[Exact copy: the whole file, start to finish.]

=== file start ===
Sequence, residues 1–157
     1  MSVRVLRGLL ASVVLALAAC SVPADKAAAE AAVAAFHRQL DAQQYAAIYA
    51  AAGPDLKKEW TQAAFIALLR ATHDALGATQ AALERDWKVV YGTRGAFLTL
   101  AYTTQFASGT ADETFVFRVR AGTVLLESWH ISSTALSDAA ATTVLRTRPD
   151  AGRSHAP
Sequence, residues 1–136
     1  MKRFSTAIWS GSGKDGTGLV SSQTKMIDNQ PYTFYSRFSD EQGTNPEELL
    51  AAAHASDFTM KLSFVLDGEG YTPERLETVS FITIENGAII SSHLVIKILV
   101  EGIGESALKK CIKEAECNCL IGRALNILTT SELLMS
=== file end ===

Sequence, residues 1–157
     1  MSVRVLRGLL ASVVLALAAC SVPADKAAAE AAVAAFHRQL DAQQYAAIYA
    51  AAGPDLKKEW TQAAFIALLR ATHDALGATQ AALERDWKVV YGTRGAFLTL
   101  AYTTQFASGT ADETFVFRVR AGTVLLESWH ISSTALSDAA ATTVLRTRPD
   151  AGRSHAP
Sequence, residues 1–136
     1  MKRFSTAIWS GSGKDGTGLV SSQTKMIDNQ PYTFYSRFSD EQGTNPEELL
    51  AAAHASDFTM KLSFVLDGEG YTPERLETVS FITIENGAII SSHLVIKILV
   101  EGIGESALKK CIKEAECNCL IGRALNILTT SELLMS